"The Gaddafi forces are forcing people from Zawiyah, al Mahjoub and Al Ghiran out of their houses and giving them Gaddafi's pictures and the (official Libyan) green flag to chant for Gaddafi," Hassan, a rebel spokesman, told Reuters.

"They are bringing them to Misrata so they can enter the city and control it by using the civilians as human shields because they know we are not going to shoot woman and children and old people," he said by telephone.

The United States, carrying out the air strikes in a coalition with Britain, France, Italy and Canada among others, said the campaign was working well and dismissed a ceasefire announcement by the Libyan military on Sunday evening.

The U.N.-mandated intervention to protect civilians caught up in a one-month-old revolt against Gaddafi drew criticism from Arab League chief Amr Moussa, who questioned the need for a heavy bombardment, which he said had killed many civilians.

However, Moussa said on Monday the League respected the U.N. resolution while stressing the need to protect civilians.


Underlining its commitment to avoiding civilian casualties, Britain's Defense Ministry said one air force mission was called off because of civilians in the target area.

Libyan rebels welcomed the second wave of air attacks.

"The committee rejects foreign troops on the ground but we encourage the bombardment of Gaddafi's army," Ahmed El-Hasi, a spokesman for the February 17 opposition coalition, said in the eastern rebel stronghold of Benghazi where the uprising began.

He said the rebel leadership had coordinated with coalition powers on the air strikes, but a U.S. commander said American or coalition aircraft were not providing close air support to opposition forces.

"There is a connection between us. One, to pinpoint the position of Gaddafi's troops, and two, to pinpoint the position of our fighters so they don't get hit with the bombardments," the rebel spokesman said.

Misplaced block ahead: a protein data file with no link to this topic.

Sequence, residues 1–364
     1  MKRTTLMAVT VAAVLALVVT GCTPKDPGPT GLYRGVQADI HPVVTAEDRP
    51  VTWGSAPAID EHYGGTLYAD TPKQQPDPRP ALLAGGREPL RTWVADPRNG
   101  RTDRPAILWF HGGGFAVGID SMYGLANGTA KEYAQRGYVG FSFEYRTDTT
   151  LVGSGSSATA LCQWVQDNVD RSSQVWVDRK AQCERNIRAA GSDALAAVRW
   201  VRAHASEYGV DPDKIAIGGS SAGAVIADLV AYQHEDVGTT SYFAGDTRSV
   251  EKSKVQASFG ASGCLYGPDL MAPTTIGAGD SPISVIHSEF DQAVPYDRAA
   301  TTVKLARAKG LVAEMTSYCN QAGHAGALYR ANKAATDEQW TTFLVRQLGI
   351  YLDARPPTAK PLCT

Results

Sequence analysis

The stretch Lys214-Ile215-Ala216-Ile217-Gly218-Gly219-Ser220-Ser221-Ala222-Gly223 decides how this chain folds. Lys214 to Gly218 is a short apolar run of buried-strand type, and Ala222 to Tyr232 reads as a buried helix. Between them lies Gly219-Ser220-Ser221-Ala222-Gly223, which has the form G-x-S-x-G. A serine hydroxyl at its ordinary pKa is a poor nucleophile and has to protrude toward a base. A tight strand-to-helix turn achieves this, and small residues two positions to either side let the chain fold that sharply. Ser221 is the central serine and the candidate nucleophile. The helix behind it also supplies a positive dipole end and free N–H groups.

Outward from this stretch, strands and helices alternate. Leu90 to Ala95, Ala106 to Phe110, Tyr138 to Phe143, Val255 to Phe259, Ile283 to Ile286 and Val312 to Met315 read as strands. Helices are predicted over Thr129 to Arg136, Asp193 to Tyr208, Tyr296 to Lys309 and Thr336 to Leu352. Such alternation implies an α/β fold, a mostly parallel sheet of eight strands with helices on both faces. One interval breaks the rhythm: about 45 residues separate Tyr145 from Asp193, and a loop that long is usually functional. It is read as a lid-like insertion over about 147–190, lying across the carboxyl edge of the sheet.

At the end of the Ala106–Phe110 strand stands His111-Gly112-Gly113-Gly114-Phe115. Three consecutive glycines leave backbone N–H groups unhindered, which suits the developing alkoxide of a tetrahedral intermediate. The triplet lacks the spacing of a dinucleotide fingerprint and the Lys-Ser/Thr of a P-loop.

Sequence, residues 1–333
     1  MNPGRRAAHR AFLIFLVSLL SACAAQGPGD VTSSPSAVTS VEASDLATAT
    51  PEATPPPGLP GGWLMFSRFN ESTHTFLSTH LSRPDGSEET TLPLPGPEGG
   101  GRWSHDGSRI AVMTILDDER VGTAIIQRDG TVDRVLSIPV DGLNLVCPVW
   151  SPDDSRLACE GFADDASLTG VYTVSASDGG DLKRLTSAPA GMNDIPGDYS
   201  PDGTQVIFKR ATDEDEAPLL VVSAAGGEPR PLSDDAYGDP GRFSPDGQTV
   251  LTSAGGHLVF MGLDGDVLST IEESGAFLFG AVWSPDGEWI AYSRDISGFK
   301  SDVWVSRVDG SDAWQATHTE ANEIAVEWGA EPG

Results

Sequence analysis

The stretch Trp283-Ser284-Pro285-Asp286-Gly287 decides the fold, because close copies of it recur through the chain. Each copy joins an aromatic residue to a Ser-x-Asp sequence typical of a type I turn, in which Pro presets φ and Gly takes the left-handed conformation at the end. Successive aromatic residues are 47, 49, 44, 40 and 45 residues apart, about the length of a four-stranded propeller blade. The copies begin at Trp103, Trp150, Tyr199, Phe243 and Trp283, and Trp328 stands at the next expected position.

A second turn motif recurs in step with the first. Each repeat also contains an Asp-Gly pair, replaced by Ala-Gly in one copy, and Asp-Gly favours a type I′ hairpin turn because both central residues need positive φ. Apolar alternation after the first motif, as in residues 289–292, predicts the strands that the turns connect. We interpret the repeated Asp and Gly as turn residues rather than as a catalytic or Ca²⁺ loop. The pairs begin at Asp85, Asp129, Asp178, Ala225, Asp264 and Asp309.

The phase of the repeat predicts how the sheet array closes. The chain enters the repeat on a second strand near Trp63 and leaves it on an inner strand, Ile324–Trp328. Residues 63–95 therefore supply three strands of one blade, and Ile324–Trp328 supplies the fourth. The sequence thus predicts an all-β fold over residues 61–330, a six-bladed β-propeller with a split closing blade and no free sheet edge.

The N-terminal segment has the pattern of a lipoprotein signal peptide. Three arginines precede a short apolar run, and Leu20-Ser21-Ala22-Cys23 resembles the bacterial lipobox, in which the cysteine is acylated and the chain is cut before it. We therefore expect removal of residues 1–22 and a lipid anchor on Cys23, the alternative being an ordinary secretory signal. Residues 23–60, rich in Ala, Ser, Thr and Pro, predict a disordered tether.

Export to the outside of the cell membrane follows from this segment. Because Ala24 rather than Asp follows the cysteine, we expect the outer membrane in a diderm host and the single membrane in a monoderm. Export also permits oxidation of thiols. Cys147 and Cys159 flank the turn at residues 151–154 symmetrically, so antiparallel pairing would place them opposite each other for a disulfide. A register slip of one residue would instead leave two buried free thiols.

The speed with which Britain, the United States and France have found themselves effectively at war in Libya meant there was little of the public debate that preceded the 2003 Iraq war.

"The resolution is defective and flawed," said Putin, whose country did not use its power to veto the resolution at the United Nations. "It allows everything. It resembles medieval calls for crusades," Putin added.

That drew an implicit rebuke from Russian President Dimitry Medvedev, who said using the term crusades was unacceptable.

Henri Guaino, one of French President Nicolas Sarkozy's closest aides, said strikes were not aimed at ousting Gaddafi but said they were likely to last "a little while."

Not everyone was convinced. "The long-term goal, unspoken but well understood, is regime change," wrote George Friedman, head of political risk consultancy Stratfor.

The intervention in Libya is the biggest in an Arab country since the 2003 invasion of Iraq. Withdrawal of Arab support would make it harder to pursue what some analysts say could in any case be an open-ended campaign with an uncertain outcome.


On Sunday night, Libyan officials took Western reporters to Gaddafi's compound, a complex that houses his private quarters as well as military barracks and anti-aircraft batteries, to see what they said was the site of a missile attack.

A short walk from a brightly lit tent where Gaddafi receives his guests, a three-storey building stood in ruins, and a circular hole was visible on its gutted facade.

The wrecked building was close to a house in the compound which was attacked by the Reagan administration and which was never rebuilt. Outside in a symbol of defiance, a giant golden fist crumples a model of a U.S. warplane.

(Reporting by Mohammed Abbas and Angus MacSwan in Benghazi, Maria Golovnina and Michael Georgy in Tripoli, Hamid Ould Ahmed and Christian Lowe in Algiers; Tom Perry in Cairo, John Irish and Elizabeth Pineau in Paris, Missy Ryan in Washington, Matt Spetalnick in Rio de Janeiro; Writing by Peter Millership; Editing by Giles Elgood)